Posts Tagged ‘platinum’

On July 17, I wrote about Scotiabank’s near-empty gold vault and gold certificates.

From their 2009 annual report, on page 123, they don’t list gold and silver bullion and certificates separately.

Under “11   Other liabilities” as of October 31, 2009, they list:

Gold and silver certificates and bullion

For 2009, they reported $3.856 billion, and for 2008, $5.619 billion.

From their annual report, there is no way of separately knowing the value of gold bullion, silver bullion, gold certificates and silver certificates held for their customers.

Also, despite them selling platinum and palladium products, they’re not listed on their annual report at all, despite palladium outperforming gold, silver and platinum in 2009, and platinum being the overlooked investment metal and currency.

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All traded on the NYSE:

Physical holding funds:
CEF – Central Fund of Canada (founded 1961)
GTU – Central Gold Trust (founded 2003)
PHYS – Sprott Gold (founded February 2010)

Exchanged Traded Funds (ETFs):
GLD – SPDR Gold ETF (founded 2004)
IAU – iShares Gold ETF (founded 2005)
SLV – iShares Silver ETF (founded 2006)
PPLT – ETFS Physical Platinum Shares ETF (founded January 2010)
PALL – ETFS Physical Palladium Shares ETF (founded January 2010)

Purchase company:
SLW – Silver Wheaton Corp. (founded 2005)

It should be noted that serious questions have been raised about the reliability of the GLD, IAU and SLV ETFs, and they may be big bubbles waiting to burst, unlike the physical holding funds, especially CEF, with its 49-year track record.

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There is growing talk about another confiscation of gold by the U.S. government as gold prices continue to set new all-time highs since 2008. I’ve heard at least three shows this week raise that possibility.

On May 22, 2010, Al Korelin, host of the Korelin Economics Report, had Louis James of the Casey Research Organization on in the last segment of the first hour.

Al Korelin: “One of them is the question of government confiscation, which is something I haven’t thought about, but more and more of my guests are bringing it up. I think that’s an interesting consideration. It has happened before.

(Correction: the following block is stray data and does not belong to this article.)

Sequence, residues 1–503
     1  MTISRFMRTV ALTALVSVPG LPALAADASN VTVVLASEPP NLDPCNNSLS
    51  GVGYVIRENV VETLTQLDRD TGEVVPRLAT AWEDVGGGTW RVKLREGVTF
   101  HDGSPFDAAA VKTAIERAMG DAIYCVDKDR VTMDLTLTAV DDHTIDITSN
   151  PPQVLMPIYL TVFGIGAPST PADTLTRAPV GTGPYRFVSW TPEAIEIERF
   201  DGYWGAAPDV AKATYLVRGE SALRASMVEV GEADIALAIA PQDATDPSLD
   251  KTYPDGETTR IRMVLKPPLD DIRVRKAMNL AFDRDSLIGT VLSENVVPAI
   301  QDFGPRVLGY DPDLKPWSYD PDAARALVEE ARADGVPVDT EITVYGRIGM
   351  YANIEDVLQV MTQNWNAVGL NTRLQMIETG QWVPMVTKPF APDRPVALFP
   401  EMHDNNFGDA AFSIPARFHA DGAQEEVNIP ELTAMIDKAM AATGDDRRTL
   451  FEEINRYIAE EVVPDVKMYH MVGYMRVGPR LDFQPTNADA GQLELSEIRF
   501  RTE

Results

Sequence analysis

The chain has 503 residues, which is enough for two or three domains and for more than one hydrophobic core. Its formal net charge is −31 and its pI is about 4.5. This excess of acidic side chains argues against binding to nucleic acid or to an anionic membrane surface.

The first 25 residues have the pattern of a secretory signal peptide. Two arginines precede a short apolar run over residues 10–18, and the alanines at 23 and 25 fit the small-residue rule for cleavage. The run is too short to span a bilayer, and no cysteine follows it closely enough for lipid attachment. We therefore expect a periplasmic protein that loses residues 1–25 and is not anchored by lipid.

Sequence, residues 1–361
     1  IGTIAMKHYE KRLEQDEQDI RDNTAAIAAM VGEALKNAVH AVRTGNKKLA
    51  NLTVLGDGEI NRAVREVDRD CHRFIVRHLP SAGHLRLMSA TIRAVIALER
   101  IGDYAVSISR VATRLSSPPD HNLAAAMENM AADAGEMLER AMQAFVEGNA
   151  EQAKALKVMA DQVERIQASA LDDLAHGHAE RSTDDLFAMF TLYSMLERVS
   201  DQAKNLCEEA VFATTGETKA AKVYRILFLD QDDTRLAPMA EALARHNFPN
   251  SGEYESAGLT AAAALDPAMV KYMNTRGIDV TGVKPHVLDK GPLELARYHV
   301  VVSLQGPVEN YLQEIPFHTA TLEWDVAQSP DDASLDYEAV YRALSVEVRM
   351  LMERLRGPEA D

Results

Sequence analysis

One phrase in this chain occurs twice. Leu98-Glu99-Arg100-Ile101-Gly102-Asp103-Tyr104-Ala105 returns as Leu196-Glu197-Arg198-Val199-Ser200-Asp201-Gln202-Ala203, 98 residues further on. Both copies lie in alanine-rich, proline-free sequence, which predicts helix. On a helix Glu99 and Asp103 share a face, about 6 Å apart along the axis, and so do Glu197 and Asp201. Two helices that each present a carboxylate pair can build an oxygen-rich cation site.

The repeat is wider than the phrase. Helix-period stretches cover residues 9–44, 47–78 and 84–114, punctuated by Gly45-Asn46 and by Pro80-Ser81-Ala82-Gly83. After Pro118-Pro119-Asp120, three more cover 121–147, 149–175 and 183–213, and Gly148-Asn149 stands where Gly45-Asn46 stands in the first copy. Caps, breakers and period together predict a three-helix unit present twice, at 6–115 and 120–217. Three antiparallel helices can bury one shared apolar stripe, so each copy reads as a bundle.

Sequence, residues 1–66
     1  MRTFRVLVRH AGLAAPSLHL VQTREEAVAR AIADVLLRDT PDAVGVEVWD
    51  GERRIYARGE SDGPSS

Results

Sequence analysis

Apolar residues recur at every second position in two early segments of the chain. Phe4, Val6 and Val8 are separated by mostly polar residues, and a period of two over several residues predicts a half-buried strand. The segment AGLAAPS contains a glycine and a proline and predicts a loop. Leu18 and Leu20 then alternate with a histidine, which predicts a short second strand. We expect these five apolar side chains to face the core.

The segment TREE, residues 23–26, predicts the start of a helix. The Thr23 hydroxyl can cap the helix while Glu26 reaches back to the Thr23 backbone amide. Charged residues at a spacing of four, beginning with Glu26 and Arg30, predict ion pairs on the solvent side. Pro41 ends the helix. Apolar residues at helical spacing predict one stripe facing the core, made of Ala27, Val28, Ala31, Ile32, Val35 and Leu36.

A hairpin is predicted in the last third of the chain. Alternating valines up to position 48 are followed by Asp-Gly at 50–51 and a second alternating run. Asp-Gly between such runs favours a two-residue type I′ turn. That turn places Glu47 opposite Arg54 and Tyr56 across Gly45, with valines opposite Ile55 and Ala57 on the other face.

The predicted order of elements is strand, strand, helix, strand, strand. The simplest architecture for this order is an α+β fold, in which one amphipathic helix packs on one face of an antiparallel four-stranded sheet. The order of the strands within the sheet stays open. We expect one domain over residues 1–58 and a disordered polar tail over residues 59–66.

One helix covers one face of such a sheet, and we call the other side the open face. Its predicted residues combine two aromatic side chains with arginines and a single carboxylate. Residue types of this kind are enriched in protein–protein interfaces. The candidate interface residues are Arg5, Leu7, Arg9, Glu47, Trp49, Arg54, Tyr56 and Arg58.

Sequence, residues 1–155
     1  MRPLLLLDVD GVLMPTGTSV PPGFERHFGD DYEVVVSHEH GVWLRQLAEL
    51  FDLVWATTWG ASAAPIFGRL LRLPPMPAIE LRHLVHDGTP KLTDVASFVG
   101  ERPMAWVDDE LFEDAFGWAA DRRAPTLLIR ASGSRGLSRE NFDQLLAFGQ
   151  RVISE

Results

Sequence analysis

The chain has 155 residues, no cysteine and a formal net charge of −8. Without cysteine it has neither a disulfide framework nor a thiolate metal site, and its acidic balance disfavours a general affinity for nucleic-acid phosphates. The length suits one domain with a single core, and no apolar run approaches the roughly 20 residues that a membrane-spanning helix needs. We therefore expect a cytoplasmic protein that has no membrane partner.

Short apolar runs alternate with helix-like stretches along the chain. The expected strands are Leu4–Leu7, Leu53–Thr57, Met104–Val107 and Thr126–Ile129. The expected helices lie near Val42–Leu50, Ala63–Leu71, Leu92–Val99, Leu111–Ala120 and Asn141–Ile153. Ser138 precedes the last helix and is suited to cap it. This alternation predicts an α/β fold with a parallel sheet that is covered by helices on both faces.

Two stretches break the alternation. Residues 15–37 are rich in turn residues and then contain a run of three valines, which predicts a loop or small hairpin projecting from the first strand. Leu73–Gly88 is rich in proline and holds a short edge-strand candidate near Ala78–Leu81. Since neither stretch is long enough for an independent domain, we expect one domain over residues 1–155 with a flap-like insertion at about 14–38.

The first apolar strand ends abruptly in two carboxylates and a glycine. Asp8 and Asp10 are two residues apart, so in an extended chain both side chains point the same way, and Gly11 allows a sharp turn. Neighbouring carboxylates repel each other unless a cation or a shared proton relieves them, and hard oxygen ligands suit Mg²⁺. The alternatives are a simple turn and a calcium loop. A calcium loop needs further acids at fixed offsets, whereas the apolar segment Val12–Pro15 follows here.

Louis James: “It is something that has been done before, and not just by banana republics. The United States government confiscated privately held gold, during the Great Depression era, and yes, that could happen again. Our feeling has long been that that could happen, but the point at which that would happen, the point at which the government would even be willing to talk about gold being an issue, we would already see huge increases in the price of gold. It would become a public problem before the government were to take action. So there would: a) be warning and b) already huge increases for holders of gold and gold in dollar terms.

I agree with James that there would be warning, and a substantial increase over the current price of gold of around $1200 USD an ounce before the U.S. government is likely to confiscate gold again.

It is important to remember that if gold is confiscated again in a similar way to the 1933 precedent, there would be certain exceptions. At the time, they included:

“Gold coins having a recognized special value to collectors of rare and unusual coins,” and “gold coin and gold certificates in an amount not exceeding in the aggregate of $100 belonging to any one person.”

Gold then was worth $20.67 an ounce before the confiscation, and $35 an ounce from then until August 1971, which was equal to 2.8 to 4.8 ounces of gold during that time.

If a future gold confiscation is similar to the 1933 confiscation, it is likely that individuals will be able to keep a similar amount of non-collector gold. The way to keep all your gold in such a scenario would be to buy numismatic gold. That is, gold with a significant premium value over its metal content.

To really be on the safe side, you should consider diversifying into silver, and especially platinum and palladium. Find out why platinum is the overlooked investment metal and currency, and how palladium was the best performing precious metal currency of 2009.

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Gold closed at the end of 2009 at $1104.00 USD on the London Fix, while silver closed at $16.99, platinum at $1466.00 and palladium at $402.00.

Yesterday, gold closed at an all-time high of $1222.50, while silver closed at $18.42, platinum at $1689.00 and palladium at $521.00.

While gold was up 10.7%, silver was up 8.4%, platinum was up 15.2% and palladium was up 29.6%.

Why do platinum and palladium continue to be overlooked as investment metals among the four precious metals with an international currency code? Palladium was the best-performing metal of the four in 2009, and continues to be this year. Platinum outperformed gold in 2009 and continues to outperform gold this year.